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Law Professors Going Home

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9 Responses

  1. Adam Mossoff says:

    I don’t know if it’s a secret yearning on the part of professors, but in the past I’ve heard colleagues describe this phenomenom from the perspective of the home law school. The phrase I’ve heard bandied about is that one cannot say no when the mother ship calls. :)

  2. dave hoffman says:

    I doubt that your first or second reasons have much, if any, purchase. It’s all about location & family & reputation, for most folks, I bet.

  3. Anon says:

    I’m not a law prof. But I teach at the same school that awarded me my Ph.D. I enjoy teaching here because of the school’s mission: public education. But I do not enjoy having my former professors as colleagues.

  4. eric says:

    Snowballs in hell would surely cite my chances of being hired by my alma mater (NYU) as the epitome of an improbable event. But, taking the hypo at face value, I can honestly say I have no yearning to return there as a faculty member — even though Darian’s 1st, 2nd, and 4th reasons all apply to me. It’s partly a matter of geography (Oliver Wendell Douglass is my role model), and partly a matter of institutional size (I loved being a student at a large law school, but I prefer teaching in a small one).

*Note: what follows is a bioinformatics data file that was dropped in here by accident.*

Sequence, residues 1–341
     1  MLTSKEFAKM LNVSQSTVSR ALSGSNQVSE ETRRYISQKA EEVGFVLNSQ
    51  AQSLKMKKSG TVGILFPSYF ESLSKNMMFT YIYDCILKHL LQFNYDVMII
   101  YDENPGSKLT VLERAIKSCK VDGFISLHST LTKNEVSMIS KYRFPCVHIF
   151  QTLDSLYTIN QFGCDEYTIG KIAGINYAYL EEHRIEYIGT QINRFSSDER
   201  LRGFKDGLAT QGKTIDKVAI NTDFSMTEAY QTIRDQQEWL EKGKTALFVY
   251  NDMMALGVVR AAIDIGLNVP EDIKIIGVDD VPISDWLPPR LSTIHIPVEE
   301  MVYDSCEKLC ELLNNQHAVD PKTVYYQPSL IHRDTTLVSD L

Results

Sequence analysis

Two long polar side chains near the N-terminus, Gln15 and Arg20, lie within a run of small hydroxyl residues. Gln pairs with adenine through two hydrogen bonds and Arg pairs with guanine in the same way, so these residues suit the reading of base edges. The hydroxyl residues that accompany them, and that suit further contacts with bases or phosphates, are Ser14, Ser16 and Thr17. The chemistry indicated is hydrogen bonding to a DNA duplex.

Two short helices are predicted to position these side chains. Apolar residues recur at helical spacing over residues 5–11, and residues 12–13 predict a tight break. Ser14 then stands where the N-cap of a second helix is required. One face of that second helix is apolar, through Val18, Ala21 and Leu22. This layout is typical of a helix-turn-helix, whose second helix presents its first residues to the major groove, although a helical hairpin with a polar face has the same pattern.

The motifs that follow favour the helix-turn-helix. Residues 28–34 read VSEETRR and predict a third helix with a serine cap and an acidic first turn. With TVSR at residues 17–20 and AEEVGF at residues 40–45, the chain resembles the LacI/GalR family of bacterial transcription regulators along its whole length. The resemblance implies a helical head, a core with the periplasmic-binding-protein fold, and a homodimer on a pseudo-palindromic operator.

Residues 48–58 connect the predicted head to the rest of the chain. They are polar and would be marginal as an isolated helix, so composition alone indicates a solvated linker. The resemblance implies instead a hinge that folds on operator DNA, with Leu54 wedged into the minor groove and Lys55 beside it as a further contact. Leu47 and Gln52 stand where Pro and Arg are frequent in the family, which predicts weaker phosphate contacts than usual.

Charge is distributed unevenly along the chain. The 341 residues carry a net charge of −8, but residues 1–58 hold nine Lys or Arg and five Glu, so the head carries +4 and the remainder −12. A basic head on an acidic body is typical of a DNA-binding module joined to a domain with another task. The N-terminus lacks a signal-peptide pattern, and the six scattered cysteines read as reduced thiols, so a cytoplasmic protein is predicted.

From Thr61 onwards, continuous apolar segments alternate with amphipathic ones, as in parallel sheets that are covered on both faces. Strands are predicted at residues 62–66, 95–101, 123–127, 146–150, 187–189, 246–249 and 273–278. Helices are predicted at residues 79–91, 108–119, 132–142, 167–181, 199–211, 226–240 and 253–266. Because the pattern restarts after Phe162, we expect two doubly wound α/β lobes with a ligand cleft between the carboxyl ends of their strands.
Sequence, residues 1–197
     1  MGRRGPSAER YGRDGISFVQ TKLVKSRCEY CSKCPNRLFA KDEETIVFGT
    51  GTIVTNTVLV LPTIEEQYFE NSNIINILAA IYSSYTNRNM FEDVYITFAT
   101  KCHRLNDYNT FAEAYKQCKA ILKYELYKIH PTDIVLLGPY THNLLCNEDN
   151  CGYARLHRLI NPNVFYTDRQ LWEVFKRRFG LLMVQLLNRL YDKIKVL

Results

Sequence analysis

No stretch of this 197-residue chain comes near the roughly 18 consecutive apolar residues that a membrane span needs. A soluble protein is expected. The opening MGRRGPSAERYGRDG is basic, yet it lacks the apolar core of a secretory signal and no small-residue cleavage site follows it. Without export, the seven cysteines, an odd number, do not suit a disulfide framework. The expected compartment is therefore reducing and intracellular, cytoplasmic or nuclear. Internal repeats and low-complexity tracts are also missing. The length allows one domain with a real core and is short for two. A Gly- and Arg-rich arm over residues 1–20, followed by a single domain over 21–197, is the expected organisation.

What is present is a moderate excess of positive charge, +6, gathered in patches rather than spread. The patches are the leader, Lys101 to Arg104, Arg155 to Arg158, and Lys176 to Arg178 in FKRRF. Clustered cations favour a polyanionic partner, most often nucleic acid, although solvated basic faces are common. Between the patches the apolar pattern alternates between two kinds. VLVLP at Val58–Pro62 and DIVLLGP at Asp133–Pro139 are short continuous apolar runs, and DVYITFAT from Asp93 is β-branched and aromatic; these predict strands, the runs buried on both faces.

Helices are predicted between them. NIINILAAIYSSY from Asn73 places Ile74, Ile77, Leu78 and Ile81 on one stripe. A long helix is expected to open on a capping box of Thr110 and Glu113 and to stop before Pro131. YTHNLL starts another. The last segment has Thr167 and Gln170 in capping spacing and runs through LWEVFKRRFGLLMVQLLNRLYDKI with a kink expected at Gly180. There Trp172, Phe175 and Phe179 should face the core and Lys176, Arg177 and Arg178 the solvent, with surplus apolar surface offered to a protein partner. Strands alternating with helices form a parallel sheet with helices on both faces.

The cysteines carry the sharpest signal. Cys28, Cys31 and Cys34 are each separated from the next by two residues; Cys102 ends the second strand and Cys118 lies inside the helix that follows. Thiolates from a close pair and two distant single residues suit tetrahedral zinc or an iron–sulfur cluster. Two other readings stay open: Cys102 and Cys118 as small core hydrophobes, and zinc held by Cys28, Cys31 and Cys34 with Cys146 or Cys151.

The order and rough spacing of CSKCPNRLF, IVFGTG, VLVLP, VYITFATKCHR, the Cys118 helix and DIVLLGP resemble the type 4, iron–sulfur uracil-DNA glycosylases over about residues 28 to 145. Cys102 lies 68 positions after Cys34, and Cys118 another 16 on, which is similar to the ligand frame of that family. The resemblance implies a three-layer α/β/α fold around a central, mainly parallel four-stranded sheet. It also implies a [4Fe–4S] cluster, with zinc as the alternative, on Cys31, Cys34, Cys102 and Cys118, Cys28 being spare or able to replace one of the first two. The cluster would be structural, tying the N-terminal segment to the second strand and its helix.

5. Orin Kerr says:

    I don’t think it’s something so logical. I suspect people are unusually eager to teach where they were students because most profs first dreamt about how cool it would be to be a professor back when they were students. That sense of coolness becomes linked to the particular school, making it a “dream come true” to come back to the school to teach. Coming back to the school validates the person’s career more than going to another one, much like winning an alumni award from your alma mater has more meaning than winning an equivalent award from a school you never attended.

  6. Darian Ibrahim says:

    Orin said it better than I did. Incidentally, I just watched a terrific story on 60 Minutes on false identifications. One of the law profs interviewed was Richard Rosen, who is both a UNC prof & grad.

  7. To answer the question, I would take an (exceedingly unlikely) offer from my alma mater, Stanford, over an (equally if not more unlikely) offer from Harvard or Yale in a heartbeat. I loved my law school experience. And the weather in Palo Alto is much better.

  8. anony says:

    I love being a law professor. “Cool” is not a word a normally associate with it. So thanks for brightening my day, Orin! My pocket protector, bow tie, large glasses, and hunch back salute you!

  9. Anon says:

    I get the sense that for those of us who didn’t graduate from a top-5/top-10 law school, the odds of returning home are long. At my top-20 alma mater, there are almost no alums on the faculty. I get the sense that my ex-professors, with their eyes always on cracking the next higher tier, can’t imagine hiring their own ex-students unless they were insanely exceptional: Ranked first, Law Review EIC, Supreme Court clerk, etc, etc.